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Teradici Corporation
Company typeSubsidiary
IndustryComputer software, Computer hardware
FoundedBritish Columbia, Canada, 2004
FounderDan Cordingley
Dave Hobbs
Ken Unger
Maher Fahmi
HeadquartersBurnaby, British Columbia, Canada
  • PCoIP Protocol
  • PCoIP Zero Client SOC
  • PCoIP Workstation 1:1 Host SOC
  • APEX 2800 Server Offload
  • PCoIP Management Console
Number of employees
ParentHP Inc.

Teradici Corporation was a privately held software company founded in 2004,[1] which was acquired by HP Inc. in October 2021.[2] Teradici initially developed a protocol (PCoIP) for compressing and decompressing images and sound when remotely accessing blade servers, and implemented it in hardware.[3][4] This technology was later expanded to thin clients/zero clients[5] for general Virtual Desktop Infrastructure.[6][7] Teradici's protocol or hardware is used by HP,[8] Dell-Wyse,[9] Amulet Hotkey, Samsung, Amazon Web Services,[10] Fujitsu,[11] and VMware.

On 27 July, 2021, HP Inc announced that it had signed a definitive agreement to acquire Teradici on undisclosed terms, with the deal set to close in calendar Q4, 2021.[12]

Front shot Teradici PCoIP zero clients. From left to right Tera1, Tera2 (four ports) and Tera2 (two ports)


Teradici was founded in 2004 by Dan Cordingley, Dave Hobbs, Ken Unger and Maher Fahmi.[13][14] It operated in stealth mode until 2007 when they announced their first products, a blade server card and a small hockey puck shaped client, using a proprietary chip which implemented the PCoIP protocol.[15] In 2008, VMware announced it was licensing Teradici's PCoIP protocol. Teradici developed a software implementation of PCoIP, which VMware started shipping in VMware View 4.[16]

The Teradici name originated from a previous company the founders were incubating. That company's product involved a 100-gigabit data center networking device. One-tenth of a tera is a deci, but "Teradeci" didn't roll off the tongue. "Teradici" was unique, sounded better and the domain name was available at the time.[17]

PCoIP Protocol[edit]

PC-over-IP (PCoIP) is a proprietary remote display protocol developed by Teradici.[18] The protocol is available in hardware and in software. In 2008, VMware licensed Teradici's PCoIP protocol,[1][19][20] and supports it in VMware Horizon View.[21] In 2013 Amazon licensed the PCoIP protocol for use in AWS Amazon Workspaces.[10][22][23][24][25][26]

PCoIP is a UDP-based protocol that is host rendered, multi-codec and dynamically adaptive.[clarification needed] Images rendered on the server are captured as pixels, compressed and encoded and then sent to the client for decryption and decompression. Depending on the image, different codecs are used to encode the pixels sent since techniques to compress video images differ in effectiveness compared to those for text.[18][27] The protocol also dynamically adapts its encoding based on the available bandwidth. In low-bandwidth environments it uses lossy compression where a highly compressed image is quickly delivered, followed by additional data to refine that image, a process termed "build to perceptually lossless". The default is to use lossless compression which is used when there is minimal network congestion or when explicitly configured, as might be required for scenarios where image fidelity is more important than conserving bandwidth, e.g. for medical imaging.[28][29]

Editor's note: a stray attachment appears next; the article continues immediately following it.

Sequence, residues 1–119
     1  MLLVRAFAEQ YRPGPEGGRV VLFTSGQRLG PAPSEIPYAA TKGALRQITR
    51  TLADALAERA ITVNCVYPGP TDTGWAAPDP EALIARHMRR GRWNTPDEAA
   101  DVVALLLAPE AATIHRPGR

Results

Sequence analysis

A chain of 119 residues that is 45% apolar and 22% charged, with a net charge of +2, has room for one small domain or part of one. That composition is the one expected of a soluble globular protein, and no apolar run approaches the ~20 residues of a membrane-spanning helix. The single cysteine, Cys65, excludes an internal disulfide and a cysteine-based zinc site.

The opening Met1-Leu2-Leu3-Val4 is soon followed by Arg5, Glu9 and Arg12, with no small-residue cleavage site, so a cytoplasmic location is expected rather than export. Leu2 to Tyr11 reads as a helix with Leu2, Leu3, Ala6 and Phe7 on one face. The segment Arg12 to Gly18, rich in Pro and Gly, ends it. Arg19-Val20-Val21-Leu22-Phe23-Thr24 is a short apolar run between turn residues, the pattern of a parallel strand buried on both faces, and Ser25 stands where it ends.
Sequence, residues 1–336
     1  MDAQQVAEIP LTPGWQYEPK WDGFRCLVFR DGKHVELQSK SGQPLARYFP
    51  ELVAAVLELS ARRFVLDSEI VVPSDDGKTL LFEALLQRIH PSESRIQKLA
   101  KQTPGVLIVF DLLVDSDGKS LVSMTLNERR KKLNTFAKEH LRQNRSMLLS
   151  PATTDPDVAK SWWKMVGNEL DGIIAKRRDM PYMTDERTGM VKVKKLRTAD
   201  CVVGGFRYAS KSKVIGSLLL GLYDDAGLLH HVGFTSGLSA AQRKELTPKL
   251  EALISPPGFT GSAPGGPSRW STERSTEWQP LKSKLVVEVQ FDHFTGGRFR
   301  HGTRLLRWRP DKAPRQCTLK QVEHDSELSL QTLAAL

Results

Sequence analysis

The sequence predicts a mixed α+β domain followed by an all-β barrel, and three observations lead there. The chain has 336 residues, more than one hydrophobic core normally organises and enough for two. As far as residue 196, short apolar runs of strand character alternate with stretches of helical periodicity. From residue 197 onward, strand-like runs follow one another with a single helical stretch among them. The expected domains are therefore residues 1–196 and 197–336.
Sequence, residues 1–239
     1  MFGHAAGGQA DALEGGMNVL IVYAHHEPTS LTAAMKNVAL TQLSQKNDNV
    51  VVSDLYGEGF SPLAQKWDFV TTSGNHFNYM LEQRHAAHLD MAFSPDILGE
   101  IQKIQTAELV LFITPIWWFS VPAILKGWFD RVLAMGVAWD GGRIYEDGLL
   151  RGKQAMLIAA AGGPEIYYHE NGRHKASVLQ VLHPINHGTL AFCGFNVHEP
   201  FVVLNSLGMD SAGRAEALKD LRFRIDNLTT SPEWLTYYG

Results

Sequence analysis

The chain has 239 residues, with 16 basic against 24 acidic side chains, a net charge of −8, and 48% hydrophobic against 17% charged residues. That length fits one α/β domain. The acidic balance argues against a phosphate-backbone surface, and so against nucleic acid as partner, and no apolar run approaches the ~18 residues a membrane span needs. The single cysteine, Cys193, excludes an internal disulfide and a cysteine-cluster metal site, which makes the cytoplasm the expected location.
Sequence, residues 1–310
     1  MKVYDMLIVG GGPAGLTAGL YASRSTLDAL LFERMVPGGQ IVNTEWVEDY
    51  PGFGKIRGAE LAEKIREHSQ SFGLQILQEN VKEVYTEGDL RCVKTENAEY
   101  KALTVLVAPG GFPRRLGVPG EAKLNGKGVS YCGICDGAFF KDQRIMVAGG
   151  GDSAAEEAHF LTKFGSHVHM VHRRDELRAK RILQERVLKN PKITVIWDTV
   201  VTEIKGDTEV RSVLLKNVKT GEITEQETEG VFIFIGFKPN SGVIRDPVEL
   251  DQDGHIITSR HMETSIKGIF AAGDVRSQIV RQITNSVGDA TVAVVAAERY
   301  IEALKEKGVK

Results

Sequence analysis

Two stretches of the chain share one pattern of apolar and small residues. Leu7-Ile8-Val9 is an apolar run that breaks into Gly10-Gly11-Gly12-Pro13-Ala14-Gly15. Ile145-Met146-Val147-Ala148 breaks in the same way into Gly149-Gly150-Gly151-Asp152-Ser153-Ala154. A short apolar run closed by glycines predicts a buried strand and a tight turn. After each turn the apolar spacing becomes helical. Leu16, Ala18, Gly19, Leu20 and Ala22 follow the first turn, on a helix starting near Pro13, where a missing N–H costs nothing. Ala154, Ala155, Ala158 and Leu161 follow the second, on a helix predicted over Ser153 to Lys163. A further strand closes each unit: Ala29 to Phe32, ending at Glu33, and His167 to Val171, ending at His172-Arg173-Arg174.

Comparing PCoIP vs RDP[edit]

  • Using PCoIP and RDP as a VPN: both PCoIP and RDP protocols can be used in place of a company’s Virtual Private Network, when a corporate firewall is not available or is deactivated.
  • High Security and Encryption Level in Connections: using a corporate DMZ, the users can make secure and encrypted connections to Access Points or servers via either PCoIP or RDP.
  • Security with AES: Both PCoIP and RDP support Advanced Encryption Standard 128-bit by default, adding an extra layer of security in connections. Although, you can change the encryption key cipher to AES-256 in PCoIP.
  • Bandwidth Reduction: This capability is available on PCoIP protocol in order to optimize the bandwidth usage on WAN and LAN to increase its speed. Bandwidth will be evaluated by Remote Desktop Commander to track the RDP number which depends on your setting (color, depth, etc.).

Products & Solutions[edit]

OEM products[edit]

  • PCoIP Zero Client SoC (System on a Chip): SoCs for OEMs to implement Zero clients either with the Teradici-developed Tera1 or Tera2[30] chip, which implement the PCoIP protocol.
Rear shot Teradici PCoIP zero clients. From left to right Tera1, Tera2 (four DVI ports) and Tera2 (two DVI ports)
  • PCoIP Workstation 1:1 host SoC (System on a Chip): An SoC allowing an OEM to implement a PCIe card which plugs into a workstation (typically a blade computer), allowing it to be remoted and controlled by a client device, either a PCoIP Zero Client or PCoIP Software Client. The connection is 1:1, meaning one host system to one remote user; it is not virtualized or shared and can capture the output from a GPU for full HD and 2K remoting along with redirecting audio and USB peripherals.
  • PCoIP software clients: Software implementation of the PCoIP protocol for flexible client device support. Select OEMs include this in their products for x86 and ARM-based thin clients. This is also the basis for the VMware and AWS Amazon Workspaces[22] software clients for Windows, Mac, Linux, iOS and Android which use Teradici-developed core PCoIP protocol and decoding technology.